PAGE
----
1. Lioness Rampant (Song of the Lioness, #4) by Tamora Pierce
A little slow to start, but lots of battle awesomeness at the end. All the feels.

2. Karen’s New Friend (Baby-Sitters Little Sister #36) by Ann M. Martin
Way to be disablist, Karen. Can’t remember if Addie showed up in future Karen books.

3. Lost in the Funhouse by John Barth
Can see why its “metafiction” stories were a big deal, but didn’t stay with me.

4. Dirty Little Secrets by C.J. Omololu
While shows like “Hoarders” sensationalize, Omololu looks at the families behind hoarding. Sensitively done.

5. Titanic: an Illustrated History by Donald Lynch
Lots of cool info and illustrations. Had this before the movie came out–history hipsters.

The Chance You Won’t Return ARC Giveaway!

It’s March, which means that when I’m ready for spring and flowers and greenery, the weather is usually more like:

But March also means that The Chance You Won’t Return hits shelves next month. Holy cow, guys, just one calendar page turn away!

And since my book’s going to be out in the world soon, this sounds like the perfect time to have an ARC giveaway! The details:

  • To enter, leave a comment on this post about why you’re excited for spring.
  • Extra points for tweets with the hashtag #TCYWRgiveaway
  • Extra points for sharing on Facebook (Make sure to tag me so I can see your share.)
  • US and Canada residents only. (Sorry, other international readers!)

The giveaway is open until Wednesday, March 12 at 11:59 pm EST. After that I’ll compile the entries into a random number generator/particle collider and post the winner on Friday, March 14. (Pi Day! That’s totally a reason to look forward to spring.)

Start commenting/tweeting/sharing and soon you could have a signed ARC of The Chance You Won’t Return in your hands!

Or, you know, paws.

Ten Reasons Why You Should Read…The Story of Owen: Dragon Slayer of Trondheim

When E.K. Johnston, aka Kate, read a little of The Story of Owen: Dragon Slayer of Trondheim aloud at the Fourteenery retreat, I couldn’t stop giggling and knew this was just the kind of book I needed in my life. Fortunately, reading the whole book gave me pretty much that same feeling, plus a lot more. Here are a few of my reasons why you should read The Story of Owen.

1. Here There Be Dragons
Seriously, you tell me you don’t want to read a book about dragons and I don’t trust your judgment in general. The dragons in The Story of Owen are intense and dangerous and therefore awesome. While a lot of series feature paranormal characters that have lost a major sense of threat, I love that Owen keeps them as majorly life-threatening giant beasts.

2. Revised History
Owen and Siobhan’s world is pretty similar to our own–cars, high school, hockey–but living among dragons means that the world has been a little different. The passages about world history (plus dragons) made me laugh and smile, and I love that Kate has thought about her characters’ world so thoroughly.

3. Musical Theory
As someone who’s totally not musical, I love getting to see characters who have that talent, and being inside musical Siobhan’s head was a real treat. Not only does she play multiple instruments, compose music, and enjoy pieces, but she also thinks of the world in terms of music. Getting to hear someone described as a “a tuba to the core” felt so right.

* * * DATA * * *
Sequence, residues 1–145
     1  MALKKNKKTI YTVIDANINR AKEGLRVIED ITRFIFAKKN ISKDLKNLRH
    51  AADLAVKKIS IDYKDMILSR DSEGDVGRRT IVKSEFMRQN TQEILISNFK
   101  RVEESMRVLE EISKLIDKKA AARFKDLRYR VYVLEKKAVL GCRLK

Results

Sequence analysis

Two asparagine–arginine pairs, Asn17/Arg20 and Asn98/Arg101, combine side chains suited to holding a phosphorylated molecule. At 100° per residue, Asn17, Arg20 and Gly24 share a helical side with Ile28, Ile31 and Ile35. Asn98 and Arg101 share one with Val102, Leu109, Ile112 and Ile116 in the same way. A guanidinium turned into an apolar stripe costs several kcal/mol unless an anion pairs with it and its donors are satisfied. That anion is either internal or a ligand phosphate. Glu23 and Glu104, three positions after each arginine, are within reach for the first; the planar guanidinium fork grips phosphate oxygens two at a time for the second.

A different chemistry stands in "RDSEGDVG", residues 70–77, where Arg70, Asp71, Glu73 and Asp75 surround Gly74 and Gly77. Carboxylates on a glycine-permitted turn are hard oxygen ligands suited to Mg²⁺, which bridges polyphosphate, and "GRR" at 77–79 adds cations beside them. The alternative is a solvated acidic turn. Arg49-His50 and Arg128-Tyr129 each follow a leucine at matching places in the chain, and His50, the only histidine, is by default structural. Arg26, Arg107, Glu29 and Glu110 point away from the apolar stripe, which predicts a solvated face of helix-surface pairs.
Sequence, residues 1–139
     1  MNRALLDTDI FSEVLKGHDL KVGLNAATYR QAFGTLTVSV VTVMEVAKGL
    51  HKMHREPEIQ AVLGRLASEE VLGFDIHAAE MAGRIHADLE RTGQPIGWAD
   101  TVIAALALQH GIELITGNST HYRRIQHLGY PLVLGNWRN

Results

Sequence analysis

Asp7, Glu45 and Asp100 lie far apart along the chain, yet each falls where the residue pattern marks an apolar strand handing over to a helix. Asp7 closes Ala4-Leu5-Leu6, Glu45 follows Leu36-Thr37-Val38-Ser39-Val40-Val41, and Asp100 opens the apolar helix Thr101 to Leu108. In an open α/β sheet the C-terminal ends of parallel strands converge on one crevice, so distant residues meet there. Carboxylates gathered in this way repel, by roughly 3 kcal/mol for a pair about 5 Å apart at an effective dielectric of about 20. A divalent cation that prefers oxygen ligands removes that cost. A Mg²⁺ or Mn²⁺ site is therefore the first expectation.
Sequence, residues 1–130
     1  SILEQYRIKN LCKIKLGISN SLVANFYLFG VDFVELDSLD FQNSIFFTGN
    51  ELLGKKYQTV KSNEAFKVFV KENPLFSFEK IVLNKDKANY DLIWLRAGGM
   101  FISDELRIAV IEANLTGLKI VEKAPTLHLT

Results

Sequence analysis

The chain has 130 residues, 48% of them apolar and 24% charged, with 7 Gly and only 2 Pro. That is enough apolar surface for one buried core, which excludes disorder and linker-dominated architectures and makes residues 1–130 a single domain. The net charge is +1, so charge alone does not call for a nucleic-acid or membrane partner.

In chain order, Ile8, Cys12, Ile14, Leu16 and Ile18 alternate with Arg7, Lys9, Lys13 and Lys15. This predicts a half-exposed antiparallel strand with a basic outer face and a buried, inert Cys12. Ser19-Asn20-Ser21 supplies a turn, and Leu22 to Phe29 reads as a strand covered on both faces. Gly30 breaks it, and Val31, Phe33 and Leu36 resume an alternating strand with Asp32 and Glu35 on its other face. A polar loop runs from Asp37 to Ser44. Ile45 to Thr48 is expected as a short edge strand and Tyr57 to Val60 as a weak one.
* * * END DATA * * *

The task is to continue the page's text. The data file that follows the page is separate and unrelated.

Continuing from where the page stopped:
4. Humor
As I mentioned above, it’s hard to read The Story of Owen without laughing out loud. It reminded me of reading The Enchanted Forest Chronicles back in the day (the first book series I remember really making me laugh). Kate’s humor is delightfully wry and her characters make wonderful quips with still feeling grounded.

5. Friendship
I’ve heard a lot of people mention how they’d like a YA novel that focuses less on romance and more on friendship, and now I know I can hand them The Story of Owen. Siobhan and Owen’s friendship reminds me so much of my friendship with guys in high school, and characters like Emily and Sadie feel so genuine as well. This is a group I want to spend time with, and a group that reminds me of my own friends. (You know, if we fought dragons.)

6. Family
Similarly, The Story of Owen does a wonderful job depicting the intricacies and love of family. From Owen’s Aunts Lottie and Hannah to Siobhan’s parents to Owen’s mother and father, the adults populating the world feel real and thoughtful and loving, even if they don’t always make the best decisions. (Also, I really want a piece of Hannah’s smithy pizza.)

7. Last Battle
Oh my gosh, Siobhan in the last battle. In a book that has a lot to do with bravery, this scene killed me. I’m not going to leave anymore details here, but it’s so well written and captivating. The feels!

8. Oh, Canada
Growing up, my experiences with Canadians in children’s lit were pretty limited to the Anne of Green Gables series and Susan Cooper’s The Boggart. I’m glad to add The Story of Owen to the list. Canada’s a beautiful country and I loved getting to see a little more of it in book form (okay, Canada plus dragons).

9. Good Common Sense
One of my personal reading favorites is a set of characters with good common sense. The cast of The Story of Owen so delivers there. And now I kind of feel like it would be a good idea to keep a sword in the trunk of my car in case of dragon attacks.

10. Kate the Great
Kate’s the kind of person who can write a whole novel in her sleep (literally). Who will find out you’re terrified of giant spiders and tell you exactly when you should look away during The Desolation of Smaug and when it’s safe to look back. Who’s a dedicated bookseller/sharer of stories. Who’s a writer you’ll be hearing about long into the future.

Friday Fifteen

Happy Friday, everyone! It’s also the end of February, and I for one am ready to end the month and end winter. (Or at least to know that we’re that much closer to spring.)

1. The Stanislavski System: The Professional Training of an Actor by Sonia Moore
Didn’t make me an actor, but want to revisit with an eye to writing character.

2. Gallows Hill by Lois Duncan
Saw a TV movie loosely based on this; went into the book with skewed expectations.

3. A Kiss for Little Bear by Else Holmelund Minarik
Everybody’s kissing everybody. Hen puts a stop to that.

4. The Year of Secret Assignments by Jaclyn Moriarty
Feeling Sorry for Celia‘s a tough act to follow, but Moriarty always delivers fun.

5. Everyday Italian: 125 Simple and Delicious Recipes by Giada De Laurentiis
I kind of want to be Giada.